Seneca on Saturday — a good-humoured stomach

Third Century CE mosaic of a baker, from a series of scenes from the agricultural calendar at St. Romain-en-Gal, exhibited at the National Archaeological Museum of France, in Saint German-en-Laye. Photo courtesy of M. Fuller.

CVIII. On the conflict between pleasure and virtue

It is necessary that one grow accustomed to slender fare: because there are many problems of time and place which will cross the path of even of the rich man and one equipped for pleasure, and bring him up with a round turn. To have whatsoever he wishes is in no man’s power; it is in his power not to wish for what he has not, but cheerfully to employ what comes to him. A great step towards independence is a good-humoured stomach, one that is willing to endure rough treatment.

Seneca Epistles 93-124, Translation by Richard Gummere. Loeb Classical Library.

Advertisements

Seneca on Saturday — life is like a bathing establishment

Mosaic from Villa Casale, Piazza Armerina, Sicily, 3rd century. Image from Greek and Roman Mosaics,

Women playing ball. Mosaic from the Villa Romana del Casale, in Piazza Armerina, Sicily, 4th century CE. Image from Greek and Roman Mosaics, by Umberto Pappalardo and Rosario Ciardello.

 

 

CVII. On obedience to the universal will

Where is that common sense of yours? …Have you come to be tormented by a trifle?… None of these things is unusual or unexpected. It is as nonsensical to be put out by such events as it is to complain of being spattered in the street or at getting befouled in the mud. The program of life is the same as that of a bathing establishment, a crowd, or a journey: sometimes things will be thrown at you, and sometimes they will strike you by accident. Life is not a dainty business. You have started on a long journey; you are bound to slip, collide, fall, become weary, and cry out: “O for Death!” –or in other words, tell lies. At one stage you will leave a comrade behind you, at another you will bury someone, at another you will be apprehensive. It is amid stumbling of this sort that you must travel out this rugged journey.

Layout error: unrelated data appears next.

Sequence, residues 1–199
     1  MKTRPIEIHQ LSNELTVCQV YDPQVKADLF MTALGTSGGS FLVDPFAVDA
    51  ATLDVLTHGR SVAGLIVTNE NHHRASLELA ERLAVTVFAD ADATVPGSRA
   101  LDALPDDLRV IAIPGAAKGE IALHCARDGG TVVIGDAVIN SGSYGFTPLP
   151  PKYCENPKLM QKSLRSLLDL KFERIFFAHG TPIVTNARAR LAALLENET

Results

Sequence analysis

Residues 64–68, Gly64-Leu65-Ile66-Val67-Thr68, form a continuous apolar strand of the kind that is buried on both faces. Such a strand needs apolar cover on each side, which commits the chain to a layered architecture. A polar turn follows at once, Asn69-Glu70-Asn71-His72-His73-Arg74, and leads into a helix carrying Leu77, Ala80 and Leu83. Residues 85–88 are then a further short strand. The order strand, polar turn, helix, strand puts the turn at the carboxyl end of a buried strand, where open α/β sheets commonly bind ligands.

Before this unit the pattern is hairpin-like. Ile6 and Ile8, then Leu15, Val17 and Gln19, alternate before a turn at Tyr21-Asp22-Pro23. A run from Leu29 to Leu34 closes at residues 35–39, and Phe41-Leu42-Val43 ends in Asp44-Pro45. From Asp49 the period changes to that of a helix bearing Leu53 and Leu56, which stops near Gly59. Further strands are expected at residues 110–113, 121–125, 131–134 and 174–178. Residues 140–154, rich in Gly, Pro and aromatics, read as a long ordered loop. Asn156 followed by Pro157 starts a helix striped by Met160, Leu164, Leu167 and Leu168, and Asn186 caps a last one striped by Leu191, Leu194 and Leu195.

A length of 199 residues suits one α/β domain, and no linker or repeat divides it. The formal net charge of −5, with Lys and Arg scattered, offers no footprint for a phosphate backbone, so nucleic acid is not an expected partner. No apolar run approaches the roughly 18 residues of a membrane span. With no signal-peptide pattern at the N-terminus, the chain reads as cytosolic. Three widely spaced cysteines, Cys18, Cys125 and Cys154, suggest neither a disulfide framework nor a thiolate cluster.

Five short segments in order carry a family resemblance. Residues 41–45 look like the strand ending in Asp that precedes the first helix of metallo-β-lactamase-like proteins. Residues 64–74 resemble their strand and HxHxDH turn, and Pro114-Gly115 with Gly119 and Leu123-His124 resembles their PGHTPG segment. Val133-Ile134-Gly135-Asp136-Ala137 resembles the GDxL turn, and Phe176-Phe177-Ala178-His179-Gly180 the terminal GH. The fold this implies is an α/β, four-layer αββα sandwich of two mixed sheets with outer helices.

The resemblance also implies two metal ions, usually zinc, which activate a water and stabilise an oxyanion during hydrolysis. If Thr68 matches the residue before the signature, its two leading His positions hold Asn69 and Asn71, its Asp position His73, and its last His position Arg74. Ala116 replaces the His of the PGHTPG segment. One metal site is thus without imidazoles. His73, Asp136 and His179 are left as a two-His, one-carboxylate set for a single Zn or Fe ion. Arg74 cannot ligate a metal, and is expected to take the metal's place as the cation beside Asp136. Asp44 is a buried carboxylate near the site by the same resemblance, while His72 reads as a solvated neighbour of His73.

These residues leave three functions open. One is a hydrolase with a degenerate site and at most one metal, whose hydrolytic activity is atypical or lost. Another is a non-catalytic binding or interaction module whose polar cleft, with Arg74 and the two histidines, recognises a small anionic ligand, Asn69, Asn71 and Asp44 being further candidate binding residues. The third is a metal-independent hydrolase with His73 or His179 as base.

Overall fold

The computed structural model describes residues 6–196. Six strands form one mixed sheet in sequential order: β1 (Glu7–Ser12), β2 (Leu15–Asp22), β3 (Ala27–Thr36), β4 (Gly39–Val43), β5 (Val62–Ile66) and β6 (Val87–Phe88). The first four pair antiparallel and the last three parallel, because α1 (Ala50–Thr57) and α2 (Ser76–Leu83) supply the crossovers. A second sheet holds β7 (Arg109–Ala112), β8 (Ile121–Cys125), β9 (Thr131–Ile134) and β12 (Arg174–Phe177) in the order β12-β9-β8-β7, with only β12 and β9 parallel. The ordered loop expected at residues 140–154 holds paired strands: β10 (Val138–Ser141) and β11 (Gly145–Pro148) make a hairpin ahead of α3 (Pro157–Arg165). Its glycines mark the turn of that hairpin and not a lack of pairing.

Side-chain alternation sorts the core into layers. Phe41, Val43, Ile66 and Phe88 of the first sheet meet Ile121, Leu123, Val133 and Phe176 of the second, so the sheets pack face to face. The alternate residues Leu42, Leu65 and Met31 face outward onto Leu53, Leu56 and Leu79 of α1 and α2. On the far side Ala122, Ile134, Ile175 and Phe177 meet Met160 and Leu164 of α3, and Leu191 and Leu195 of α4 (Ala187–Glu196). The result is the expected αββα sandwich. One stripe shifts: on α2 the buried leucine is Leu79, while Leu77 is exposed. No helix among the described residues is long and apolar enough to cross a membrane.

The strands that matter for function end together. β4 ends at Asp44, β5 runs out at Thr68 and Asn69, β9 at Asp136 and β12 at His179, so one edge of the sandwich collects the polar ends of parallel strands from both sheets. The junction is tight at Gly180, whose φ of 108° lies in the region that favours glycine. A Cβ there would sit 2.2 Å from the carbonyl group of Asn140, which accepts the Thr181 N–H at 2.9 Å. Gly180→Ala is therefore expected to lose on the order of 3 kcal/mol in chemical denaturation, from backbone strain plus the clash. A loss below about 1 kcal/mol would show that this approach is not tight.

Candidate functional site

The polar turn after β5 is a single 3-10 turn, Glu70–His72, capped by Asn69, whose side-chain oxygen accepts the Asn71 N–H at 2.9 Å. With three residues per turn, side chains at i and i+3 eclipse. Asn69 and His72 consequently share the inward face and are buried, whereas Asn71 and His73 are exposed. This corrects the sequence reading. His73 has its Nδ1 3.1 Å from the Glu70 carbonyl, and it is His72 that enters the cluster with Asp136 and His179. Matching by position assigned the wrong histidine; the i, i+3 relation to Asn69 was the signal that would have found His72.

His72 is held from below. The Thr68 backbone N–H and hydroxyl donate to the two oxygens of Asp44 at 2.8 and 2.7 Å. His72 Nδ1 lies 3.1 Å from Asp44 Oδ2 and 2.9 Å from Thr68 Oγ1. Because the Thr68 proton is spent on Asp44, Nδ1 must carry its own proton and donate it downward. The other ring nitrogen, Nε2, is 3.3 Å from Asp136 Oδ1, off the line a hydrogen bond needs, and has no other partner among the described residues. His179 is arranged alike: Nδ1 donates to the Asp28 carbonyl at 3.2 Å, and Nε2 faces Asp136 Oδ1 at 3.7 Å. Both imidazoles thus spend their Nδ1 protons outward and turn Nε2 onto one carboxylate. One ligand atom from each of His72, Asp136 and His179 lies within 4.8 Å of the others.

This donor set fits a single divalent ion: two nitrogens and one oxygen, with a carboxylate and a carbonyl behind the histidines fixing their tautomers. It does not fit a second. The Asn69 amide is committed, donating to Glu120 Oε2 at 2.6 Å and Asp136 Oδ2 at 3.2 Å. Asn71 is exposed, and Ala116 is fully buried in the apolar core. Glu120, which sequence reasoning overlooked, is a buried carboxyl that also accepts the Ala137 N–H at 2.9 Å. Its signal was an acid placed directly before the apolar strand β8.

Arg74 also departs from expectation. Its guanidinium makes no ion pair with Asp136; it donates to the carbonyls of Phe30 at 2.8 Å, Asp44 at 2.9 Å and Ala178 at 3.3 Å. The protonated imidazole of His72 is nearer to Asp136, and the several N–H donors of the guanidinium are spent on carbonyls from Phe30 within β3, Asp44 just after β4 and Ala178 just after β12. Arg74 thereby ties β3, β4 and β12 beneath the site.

Seneca Epistles 93-124, Translation by Richard Gummere. Loeb Classical Library.

Seneca on Sunday — on ripe fruit

still-life-with-skull-1898.jpg!Blog

Still Life With Skull, by Paul Cezanne. Image courtesy of WikiArt

Epistle XII. On Old Age

Let us cherish and love old age; for it is full of pleasure if one knows how to use it. Fruits are most welcome when almost over; youth is most charming at its close; the last drink delights the toper,– the glass which souses him and puts the finishing touch on his drunkenness. Each pleasure reserves to the end the greatest delights which it contains. Life is most delightful when it is on the downward slope, but has not yet reached the abrupt decline… Or else the very fact of our not wanting pleasures has taken the place the pleasures themselves. How comforting it is to have tired out one’s appetites, and to have done with them! “But,” you say, “it is a nuisance to be looking death in the face!” Death, however, should be looked in the face by young and old alike. We are not summoned according to our rating on the censor’s list. Moreover, no one is so old that it would be improper for him to hope for another day of existence. And one day, mind you, is a stage on life’s journey.

Seneca Epistles 1-65, Translation by Richard Gummere. Loeb Classical Library.